Category Archives: Rant
No longer resigned to lounging on the couch on Sundays for every football game ever, no longer for painting or yardwork or staring at that weight bench in your basement you keep intending to use. What? No, you will, I know. Next week. You’ll start your workout routine next week.
No! No sir, not anymore are sweatpants marginalized and cast aside in favor of pants with their fancy zippers and buttons and measured waists. Who the hell do those pants think they are? No more!
Sweatpants. Sweatpants are your going out pants now, because somewhere along the line we have devolved into a society where this is entirely acceptable. With sweatpants you get a a full range of motion, the possibility of keeping one pair your entire life no matter how fat you end up with their revolutionary stretchable elastic waistband; and, of course, the liberating knowledge that your balls are just bouncing free as you walk, unhindered by stiff, restrictive fabric that other “pants” fall victim to. The ladies will love that last bit. A man in sweatpants is DTF, you better believe that. And for the record, real men wear their sweatpants pulled up an inch above their ankles to properly show off the white socks they’re wearing with sandles.
I was kneeling down, putting some books away on the bottom shelf when a husky, sweatpants clad customer who had a five-o’clock shadow on only half his face, stopped at the end of the aisle.
When I looked up he gave me a big, wide-eyed smile and snapped the waistband of his sweatpants.
“Yes sir!” he yelled and nodded at me, his eyebrows threatening to jump off his face, and continued on his way.
“Ok,” I said to the now empty space he had occupied (well, what else do you say?) and went back to what I’d been doing.
Until he came back. He always come back, that’s an important point to remember. You spoke while facing his general direction and that means you spoke to him. That means, as far as Sweatpants Guy is concerned, you are the only person in the store. You made the mistake of acknowledging his existence, something that apparently no one else has done in quite some time.
See, you’re the guy in the horror movie that opened the creepy nailed-shut door behind a shelf in his basement his first night in the new house that he bought for a surprisingly low price that the rest of the town avoids going near. How many red flags do you need? The house was wearing sweatpants, why did you even look at it? Now you’re the guy that lets out the evil spirit that’s been trapped in there since the house was built over an old Indian burial ground. Now, you gotta pay the piper, because that evil sweatpants-wearing spirit will now feast on what is left of your retail soul.
Anything else Sweatpants Guy needs to ask, that he needs to say, any other thought regarding his favorite snack foods or his opinion of the color green, anything at all that pops into his lumpy noggin that he inexplicably needs to speak aloud, he will find you, and he will tell you. And only you. Because you’re friends now.
Sweatpants Guy popped back around the corner of the aisle about 27-seconds later—-he didn’t come back into the aisle, make no mistake about that—-he only leaned around the corner. And waited. I saw him out of the corner of my eye and took a deep breath. I’d been through this before. There’s no point in trying to avoid it or pretend he isn’t there. Sweatpants Guy has nowhere else to be. He can do this all night. He stared at me silently until I looked up.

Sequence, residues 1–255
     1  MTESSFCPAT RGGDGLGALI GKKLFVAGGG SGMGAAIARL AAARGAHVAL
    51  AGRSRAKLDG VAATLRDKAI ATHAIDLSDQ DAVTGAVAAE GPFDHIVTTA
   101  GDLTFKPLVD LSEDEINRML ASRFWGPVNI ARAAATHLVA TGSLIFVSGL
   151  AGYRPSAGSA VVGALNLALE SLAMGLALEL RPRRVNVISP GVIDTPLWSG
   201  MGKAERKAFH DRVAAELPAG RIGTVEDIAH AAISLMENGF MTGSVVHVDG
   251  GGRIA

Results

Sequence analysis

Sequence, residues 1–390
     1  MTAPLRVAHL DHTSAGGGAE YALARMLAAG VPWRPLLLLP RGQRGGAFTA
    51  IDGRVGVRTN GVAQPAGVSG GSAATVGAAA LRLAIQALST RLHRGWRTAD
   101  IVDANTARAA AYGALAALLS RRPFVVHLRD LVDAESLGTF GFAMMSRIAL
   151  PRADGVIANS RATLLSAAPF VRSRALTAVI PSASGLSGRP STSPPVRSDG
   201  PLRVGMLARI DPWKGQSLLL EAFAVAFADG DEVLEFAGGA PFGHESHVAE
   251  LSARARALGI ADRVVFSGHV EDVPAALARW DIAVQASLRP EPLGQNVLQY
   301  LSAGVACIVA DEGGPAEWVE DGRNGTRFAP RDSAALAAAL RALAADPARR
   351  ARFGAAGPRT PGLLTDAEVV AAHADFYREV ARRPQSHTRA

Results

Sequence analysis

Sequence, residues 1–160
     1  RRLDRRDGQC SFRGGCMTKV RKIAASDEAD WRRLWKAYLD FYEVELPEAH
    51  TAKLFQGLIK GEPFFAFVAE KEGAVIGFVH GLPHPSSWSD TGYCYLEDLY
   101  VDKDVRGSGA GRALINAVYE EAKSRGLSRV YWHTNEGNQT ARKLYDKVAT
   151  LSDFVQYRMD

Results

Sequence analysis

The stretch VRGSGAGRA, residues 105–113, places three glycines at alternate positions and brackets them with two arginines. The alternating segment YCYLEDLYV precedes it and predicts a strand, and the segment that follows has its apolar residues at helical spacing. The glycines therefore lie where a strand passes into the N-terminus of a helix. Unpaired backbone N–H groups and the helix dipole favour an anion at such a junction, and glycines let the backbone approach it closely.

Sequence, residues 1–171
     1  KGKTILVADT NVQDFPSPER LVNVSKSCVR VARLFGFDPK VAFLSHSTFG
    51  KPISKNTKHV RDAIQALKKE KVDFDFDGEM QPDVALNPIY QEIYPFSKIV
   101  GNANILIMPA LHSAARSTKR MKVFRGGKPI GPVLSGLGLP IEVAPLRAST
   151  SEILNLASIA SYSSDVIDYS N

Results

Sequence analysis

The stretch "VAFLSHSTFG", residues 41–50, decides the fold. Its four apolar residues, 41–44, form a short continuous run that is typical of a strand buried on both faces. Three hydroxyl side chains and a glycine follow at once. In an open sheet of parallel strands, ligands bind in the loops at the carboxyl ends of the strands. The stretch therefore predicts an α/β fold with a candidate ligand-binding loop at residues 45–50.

“Do you still have—-you have paper applications, or I do it online now?”
“Excellent!” he yelled, and pumped his fist int he air, and with a sweatpanty swish and a cloud of the cheap potpourri he rubbed on himself before leaving the house to mask that man-stink of indeterminate origins, he disappeared again, leaving me with the realization that he would probably get hired and I would be the one to argue with him that sweatpants were not acceptable work attire.
A Look Into the Dark Underbelly of a Holiday Phenomenon
Let me put you at ease regarding your purchase: I don’t think you’re a racist.
But I do think you’re wasting $29.95.
It’s a stupid purchase, this magical little creature. And creepy. Look at it. Really. I want you to look into his dead little eyes. Sitting there like he owns the place. He won’t even look you in the eye will he? Always off to the side, the shady little bastard, until you look away and then! Goddamnit, just out of the corner of your eye, just as you looked away, or were distracted. Maybe as you were dozing off, there it was: he moved. You swear his eyes moved. It must have been. It must have been because he’s watching you and he’s watching your children. He’s always watching. When you go to bed he goes through your underwear drawer and rifles through your wallet, he raids the liquor cabinet. He watches you sleep. You have invited him into your home. There is no escape. He is… the Elf on the Shelf.
It never gets old. I will say that about the Elf or at least what I think of as our Elf tradition. This treasured tradition is the pure discomfort on their faces when they have to ask this question. They really feel bad. They feel like they’re doing something wrong. You can tell the ones; they have an Elf on the Shelf box in their hands but they’re not looking at it. It’s held low in front of them and their eyes are watching the other customers around them. They feel genuinely guilty about the question they’re going to ask me. It’s adorable.
It’s known professionally as Elf Guilt*, but I’m here to tell you not to be ashamed. You have nothing to apologize for. I’m here to tell you it’s OK.
Say it with me, “It is OK.”
* * *
“Um, hi, excuse me. You… you work here, right?” the customer asks in a hushed tone, after she motions me a few feet away from the rest of the customers milling around the customer service counter. Sometimes there’s a little wave, quick enough so no one sees the gesture, but enough to get me to move away from the crowd.
“Yes,” I respond simply.
After all, I have a name tag on. I have books in my hand. Also, you just watched me help six other customers while answering the phone and trying not to trip over a cane some old man inexplicably left in the store. I shouldn’t have to answer this question. Why would I be doing this if I didn’t work here? But I answer.